The purpose of this study was to determine if supplementing the diet with recommended (1.5 g/d for 28-days) or creatine equivalent loading and maintenance doses of a purported buffered form of creatine (20 g/d for 7-days and 5 g/d for 21-days) was more effective in increasing muscle creatine retention, body composition, strength, and/or anaerobic capacity than supplementing the diet with creatine monohydrate (20 g/d for 7-days and 5 g/d for 21-days). Additionally, the study was undertaken to determine whether supplementing the diet with recommended or equivalent creatine doses of a purported buffered form of creatine was associated with fewer side effects in comparison to creatine monohydrate. Results of the present study clearly show that supplementing the diet with a purported buffered form of creatine is not a more efficacious and/or a safer form of creatine to consume than creatine monohydrate.
According to product claims [28, 30], KA is “up to ten times more powerful than ordinary Creatine”. The rationale for this contention is based on experiments reported in a patent  and/or on the manufacturer’s website [28, 30] which indicates that KA has less conversion of creatine to creatinine in fluid over time compared to creatine monohydrate. This is despite the fact that studies show that creatine monohydrate is not significantly degraded to creatinine during the normal digestive process and nearly 99% of creatine monohydrate that is orally ingested is either taken up by tissue or excreted in the urine [1–3, 18, 21]. Because of this fact, an accepted method of assessing whole body creatine retention has been to subtract daily urinary creatine excretion from daily dietary intake of creatine [32, 33, 45–47]. Additionally, while it is true that generally the lower the pH and higher the temperature, the greater conversion of creatine to creatinine, studies show that this process takes several days to occur at significant levels even when creatine is exposed to low pH environments [1, 19, 48]. As described in a recent review , the degradation of creatine can be reduced or even halted by either lowering the pH to under 2.5 or increasing the pH. A very high pH results in the deprotonation of the acid group, thereby slowing down the degradation process by making it more difficult for the intramolecular cyclization of creatine to creatinine. However, a very low pH (as is the case in the stomach) results in the protonation of the amide function of the creatine molecule, thereby preventing the intramolecular cyclization of creatine to creatinine . This is the reason that the conversion of creatine to creatinine in the gastrointestinal tract has been reported to be minimal regardless of transit time [7, 18, 20]. Thus, on the surface, the KA manufacturer’s claims that creatine monohydrate is degraded to creatinine in large amounts after oral ingestion and that a “buffered” or “pH-correct” would significantly reduce this effect once consumed and thereby promote greater uptake of creatine in the muscle is inconsistent with available literature on creatine .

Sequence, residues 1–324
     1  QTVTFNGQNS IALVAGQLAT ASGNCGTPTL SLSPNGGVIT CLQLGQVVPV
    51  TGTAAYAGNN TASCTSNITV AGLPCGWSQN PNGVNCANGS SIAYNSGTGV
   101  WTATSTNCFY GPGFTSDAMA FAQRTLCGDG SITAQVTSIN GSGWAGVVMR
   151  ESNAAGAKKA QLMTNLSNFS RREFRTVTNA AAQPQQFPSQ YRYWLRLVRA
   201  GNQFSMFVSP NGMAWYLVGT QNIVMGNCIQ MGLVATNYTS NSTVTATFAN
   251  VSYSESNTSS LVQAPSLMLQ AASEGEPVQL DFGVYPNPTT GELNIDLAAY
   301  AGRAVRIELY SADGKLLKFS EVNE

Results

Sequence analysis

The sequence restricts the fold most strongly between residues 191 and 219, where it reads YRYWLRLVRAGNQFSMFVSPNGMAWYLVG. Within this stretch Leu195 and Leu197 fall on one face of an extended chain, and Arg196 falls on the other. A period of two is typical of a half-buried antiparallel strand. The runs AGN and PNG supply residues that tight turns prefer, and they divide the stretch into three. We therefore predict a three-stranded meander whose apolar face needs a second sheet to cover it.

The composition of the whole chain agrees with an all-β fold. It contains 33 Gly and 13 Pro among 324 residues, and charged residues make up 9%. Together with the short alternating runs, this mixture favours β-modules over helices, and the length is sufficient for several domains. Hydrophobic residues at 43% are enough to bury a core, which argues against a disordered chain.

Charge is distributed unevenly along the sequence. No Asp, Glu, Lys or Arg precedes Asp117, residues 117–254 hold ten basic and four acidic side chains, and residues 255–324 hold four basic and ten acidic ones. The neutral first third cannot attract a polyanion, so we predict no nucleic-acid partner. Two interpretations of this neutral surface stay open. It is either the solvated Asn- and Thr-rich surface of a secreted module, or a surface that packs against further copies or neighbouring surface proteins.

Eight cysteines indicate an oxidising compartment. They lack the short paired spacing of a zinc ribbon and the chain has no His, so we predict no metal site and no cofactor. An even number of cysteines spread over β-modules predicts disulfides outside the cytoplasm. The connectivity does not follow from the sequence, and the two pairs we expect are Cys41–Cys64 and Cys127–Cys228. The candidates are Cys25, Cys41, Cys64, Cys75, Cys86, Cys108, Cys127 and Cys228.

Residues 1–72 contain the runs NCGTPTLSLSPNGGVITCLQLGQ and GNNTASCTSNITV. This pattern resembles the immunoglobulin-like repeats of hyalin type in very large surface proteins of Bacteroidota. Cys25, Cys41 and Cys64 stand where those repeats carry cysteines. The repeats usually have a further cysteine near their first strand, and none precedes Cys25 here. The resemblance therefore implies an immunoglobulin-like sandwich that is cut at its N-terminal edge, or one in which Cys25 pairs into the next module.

Results of the present study do not support claims that a large amount of creatine monohydrate was converted to creatinine during the digestive process and thereby resulted in less of an increase in muscle creatine than KA. In this regard, while serum creatinine levels increased to a greater degree in the KA-H and CrM groups that ingested larger amounts of creatine, the 0.1 - 0.2 mg/dL greater increase observed in creatinine compared to the KA-L group was well within normal limits (i.e., <1.28 ± 0.20 mg/dl) particularly for resistance-trained males. Therefore, this small change would be clinically insignificant. Additionally, a significant increase from baseline in serum creatinine was also observed in the KA-L and KA-H groups despite claims that KA completely prevents the conversion of creatine to creatinine. These findings do not support contentions that CrM is degraded to creatinine in large amounts or that KA is not converted to creatinine at all.